Throughout the world, women make a vital contribution to industrial output. Over 200 million women are employed across all industry sectors, varying from lower-tier jobs to management. However, the number of women in the STEM (Science, Technology, Engineering and Mathematics) or MINT (Mathematik, Informatik, Naturwissenschaft und Technik) sectors is still substantially lower than the number of men. Therefore, a closer of understanding of why women choose not to or feel unable to enter in these STEM/MINT sectors must be encouraged with more focus on enabling access to positions that have been traditionally dominated by men. In the end the argument why is easy, it has been proven time and time again that companies with a higher level of equality between the sexes are much more successful.
In 2017, only 28% of workers in the IT sector in Germany were female. On the one hand, this is an increase of 4% since 2015. This increase is mostly due to schemes like MINT in Germany but also internationally with initiatives like ‘Kode With Klossy’ – a free two-week program for girls 13-18 years old where they learn to build real apps with code initiated by US super-model Karlie Kloss. On the other hand, it still isn’t enough. Not enough women are choosing to or feel able to enter the MINT/STEM sector. This is evidenced by the number of women graduating with degrees in this field. For example, in 2017 only 23.1% of graduates who studied engineering were female in Germany and this is still above average. On average, only 20% of graduates where the degree is related to a MINT/STEM subject are female in Germany. It is a difficult task to understand why this is, but it must be explored across all levels right from school, to the workplace and cultural attitudes, otherwise MINT/STEM companies will suffer as 50.8% of the population will be excluded, meaning more than half of potential employees and talent will be overlooked.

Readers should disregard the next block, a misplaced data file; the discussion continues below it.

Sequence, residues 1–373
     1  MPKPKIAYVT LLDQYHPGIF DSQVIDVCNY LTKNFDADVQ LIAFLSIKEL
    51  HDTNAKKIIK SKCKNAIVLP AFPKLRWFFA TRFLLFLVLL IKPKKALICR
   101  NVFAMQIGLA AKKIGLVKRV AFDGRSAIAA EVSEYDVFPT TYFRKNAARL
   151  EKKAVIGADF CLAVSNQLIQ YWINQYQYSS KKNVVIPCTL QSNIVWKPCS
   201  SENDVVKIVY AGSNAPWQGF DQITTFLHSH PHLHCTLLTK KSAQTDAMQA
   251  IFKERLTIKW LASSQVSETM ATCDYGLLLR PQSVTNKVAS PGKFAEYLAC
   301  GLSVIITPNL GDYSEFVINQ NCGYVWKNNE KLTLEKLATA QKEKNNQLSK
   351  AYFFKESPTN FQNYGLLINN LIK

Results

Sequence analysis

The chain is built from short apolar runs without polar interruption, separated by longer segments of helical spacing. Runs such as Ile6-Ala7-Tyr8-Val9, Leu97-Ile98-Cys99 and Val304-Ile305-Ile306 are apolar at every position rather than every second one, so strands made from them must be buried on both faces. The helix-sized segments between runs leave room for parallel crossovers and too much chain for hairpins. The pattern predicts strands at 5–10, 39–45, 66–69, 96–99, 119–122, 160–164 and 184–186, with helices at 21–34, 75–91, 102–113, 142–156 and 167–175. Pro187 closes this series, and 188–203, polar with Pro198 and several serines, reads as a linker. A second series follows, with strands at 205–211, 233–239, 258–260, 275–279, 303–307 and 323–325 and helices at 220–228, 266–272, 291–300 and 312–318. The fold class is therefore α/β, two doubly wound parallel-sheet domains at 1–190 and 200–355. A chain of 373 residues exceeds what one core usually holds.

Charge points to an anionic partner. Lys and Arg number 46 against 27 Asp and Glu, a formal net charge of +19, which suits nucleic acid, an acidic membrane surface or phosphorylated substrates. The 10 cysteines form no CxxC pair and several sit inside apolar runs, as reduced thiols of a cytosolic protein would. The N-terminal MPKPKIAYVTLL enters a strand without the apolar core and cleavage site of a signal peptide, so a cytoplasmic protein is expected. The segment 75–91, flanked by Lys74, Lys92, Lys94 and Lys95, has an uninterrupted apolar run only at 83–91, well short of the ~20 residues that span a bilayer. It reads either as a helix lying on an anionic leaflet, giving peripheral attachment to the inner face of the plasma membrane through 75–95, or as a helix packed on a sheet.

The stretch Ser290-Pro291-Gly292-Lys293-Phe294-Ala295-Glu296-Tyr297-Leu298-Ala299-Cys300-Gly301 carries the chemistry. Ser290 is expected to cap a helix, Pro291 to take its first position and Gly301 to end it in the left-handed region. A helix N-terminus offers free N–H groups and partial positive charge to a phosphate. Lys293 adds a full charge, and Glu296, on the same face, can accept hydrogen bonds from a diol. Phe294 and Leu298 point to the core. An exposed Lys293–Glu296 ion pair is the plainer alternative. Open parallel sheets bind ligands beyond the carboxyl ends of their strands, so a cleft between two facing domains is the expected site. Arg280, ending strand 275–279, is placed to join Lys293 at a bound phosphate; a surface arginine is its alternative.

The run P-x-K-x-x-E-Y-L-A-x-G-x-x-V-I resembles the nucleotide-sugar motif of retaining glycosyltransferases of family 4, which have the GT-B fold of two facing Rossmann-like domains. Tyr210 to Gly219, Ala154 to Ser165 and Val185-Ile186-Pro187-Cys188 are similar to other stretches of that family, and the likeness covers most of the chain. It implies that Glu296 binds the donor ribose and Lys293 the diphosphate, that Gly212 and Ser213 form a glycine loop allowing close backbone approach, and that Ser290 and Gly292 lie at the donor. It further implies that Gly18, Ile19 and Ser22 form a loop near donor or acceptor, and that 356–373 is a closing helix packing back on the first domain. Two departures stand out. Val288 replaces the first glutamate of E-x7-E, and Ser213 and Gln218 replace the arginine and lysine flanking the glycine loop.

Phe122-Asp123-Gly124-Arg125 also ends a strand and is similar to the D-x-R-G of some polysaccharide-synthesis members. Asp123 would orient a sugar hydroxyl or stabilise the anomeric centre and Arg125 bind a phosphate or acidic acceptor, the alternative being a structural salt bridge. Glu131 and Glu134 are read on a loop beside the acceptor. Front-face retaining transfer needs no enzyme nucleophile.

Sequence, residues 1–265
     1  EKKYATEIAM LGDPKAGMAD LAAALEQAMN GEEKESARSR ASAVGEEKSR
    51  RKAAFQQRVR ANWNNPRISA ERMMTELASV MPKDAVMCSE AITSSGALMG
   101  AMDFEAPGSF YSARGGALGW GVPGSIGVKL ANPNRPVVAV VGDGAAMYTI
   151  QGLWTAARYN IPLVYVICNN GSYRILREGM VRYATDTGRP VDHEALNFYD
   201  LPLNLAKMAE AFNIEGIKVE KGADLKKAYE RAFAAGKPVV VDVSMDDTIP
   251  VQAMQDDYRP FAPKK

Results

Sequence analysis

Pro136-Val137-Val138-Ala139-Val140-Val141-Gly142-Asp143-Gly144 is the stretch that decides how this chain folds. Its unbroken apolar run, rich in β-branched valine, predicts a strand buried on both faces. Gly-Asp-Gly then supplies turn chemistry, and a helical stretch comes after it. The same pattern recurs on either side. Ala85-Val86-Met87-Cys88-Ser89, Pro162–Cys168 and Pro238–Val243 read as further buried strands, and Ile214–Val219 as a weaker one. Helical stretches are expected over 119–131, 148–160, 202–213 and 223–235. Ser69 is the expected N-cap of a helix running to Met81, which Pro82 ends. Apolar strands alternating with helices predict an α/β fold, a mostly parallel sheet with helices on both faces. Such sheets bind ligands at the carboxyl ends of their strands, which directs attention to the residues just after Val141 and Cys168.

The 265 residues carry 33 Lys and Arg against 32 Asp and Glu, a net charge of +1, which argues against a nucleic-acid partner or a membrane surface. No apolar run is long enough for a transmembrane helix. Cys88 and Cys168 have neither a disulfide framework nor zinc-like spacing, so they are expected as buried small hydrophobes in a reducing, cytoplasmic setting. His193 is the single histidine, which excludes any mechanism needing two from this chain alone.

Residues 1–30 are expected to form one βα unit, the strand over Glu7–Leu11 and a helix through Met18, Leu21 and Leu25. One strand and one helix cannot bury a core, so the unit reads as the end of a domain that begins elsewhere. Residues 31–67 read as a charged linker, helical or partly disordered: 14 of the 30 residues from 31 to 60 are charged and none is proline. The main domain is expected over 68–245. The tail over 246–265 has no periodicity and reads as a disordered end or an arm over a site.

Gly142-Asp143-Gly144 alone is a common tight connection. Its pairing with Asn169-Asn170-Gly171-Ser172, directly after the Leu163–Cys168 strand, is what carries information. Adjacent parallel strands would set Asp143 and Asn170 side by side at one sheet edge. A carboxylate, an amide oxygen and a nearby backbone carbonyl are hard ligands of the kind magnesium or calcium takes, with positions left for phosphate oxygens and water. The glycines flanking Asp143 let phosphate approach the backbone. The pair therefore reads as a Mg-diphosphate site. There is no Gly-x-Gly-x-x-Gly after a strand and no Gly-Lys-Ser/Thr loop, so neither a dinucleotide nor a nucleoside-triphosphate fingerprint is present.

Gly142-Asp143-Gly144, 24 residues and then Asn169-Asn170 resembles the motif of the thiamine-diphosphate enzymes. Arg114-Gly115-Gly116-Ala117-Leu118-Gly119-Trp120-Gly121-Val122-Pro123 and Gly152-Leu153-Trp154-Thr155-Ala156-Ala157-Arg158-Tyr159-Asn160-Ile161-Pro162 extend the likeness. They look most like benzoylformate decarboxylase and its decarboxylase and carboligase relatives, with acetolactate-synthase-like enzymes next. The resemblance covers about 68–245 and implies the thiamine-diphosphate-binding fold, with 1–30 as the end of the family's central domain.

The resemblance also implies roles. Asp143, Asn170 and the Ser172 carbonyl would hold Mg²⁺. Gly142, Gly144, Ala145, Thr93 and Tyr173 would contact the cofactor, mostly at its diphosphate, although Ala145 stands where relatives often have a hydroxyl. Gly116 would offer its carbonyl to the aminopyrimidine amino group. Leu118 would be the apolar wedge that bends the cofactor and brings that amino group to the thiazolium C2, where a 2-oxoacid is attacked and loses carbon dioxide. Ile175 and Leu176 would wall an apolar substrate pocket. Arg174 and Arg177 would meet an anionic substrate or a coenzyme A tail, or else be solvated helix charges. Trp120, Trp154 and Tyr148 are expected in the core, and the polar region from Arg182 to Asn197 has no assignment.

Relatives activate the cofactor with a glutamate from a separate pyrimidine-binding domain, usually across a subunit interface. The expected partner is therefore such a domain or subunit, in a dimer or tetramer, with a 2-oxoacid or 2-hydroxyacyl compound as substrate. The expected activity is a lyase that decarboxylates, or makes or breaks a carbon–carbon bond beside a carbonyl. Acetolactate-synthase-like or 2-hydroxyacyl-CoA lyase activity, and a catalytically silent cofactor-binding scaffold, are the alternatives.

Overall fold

What is perhaps most worrying that this isn’t just a problem for right now. According to a study by the World Economic Forum (WEF) from January 2018, the jobs which are mostly held by women will be most impacted by digitalization. In the US, it is predicted that 1.4 million jobs are under threat due to digitalization, 57% of these jobs are currently held by women. This is due to the fact that many women are in lower-tier jobs which will be eliminated due to optimizing processes caused by the digital boom. Furthermore, in a study entitled “Women in Management in Industry 4.0” conducted by Bisnode Deutschland in 2016 it is predicted that in the coming Industry 4.0 only 7.2% of jobs in management will be held by women – on average there are currently 11.7% of women in management positions. The future is looking more and more uncertain for women in industry despite the advancements of the last years.
So, how can STEM/MINT employers help buck the trend and encourage diversity in their workplace? The issue is complex, but it has been recommended that a few fundamental changes would aid in the fight for equality – helping not only women, but also men. These include, but are not limited to:
- Salary Openness–the gender pay gap can only be eliminated when companies remove the culture of secrecy allowing access to data and preventing inequality
- Flexibility – a work/life balance and understanding of this is vital to encourage both genders to access the same positions as a huge restriction for women (mostly!) is the balance between family and work
- Appropriate Action – against harassment, against sexism, against bullying
It is also worth considering working together with universities, or even schools, to allow access for all to these subjects and showing young women that this path is possible without reproach or judgement. It will always be a choice whether somebody, regardless of gender, chooses to enter the STEM/MINT sector but the choice must be with the individual, not due to outside factors, such as discrimination. Companies who do not address this and help elevate this issue will only hinder themselves.
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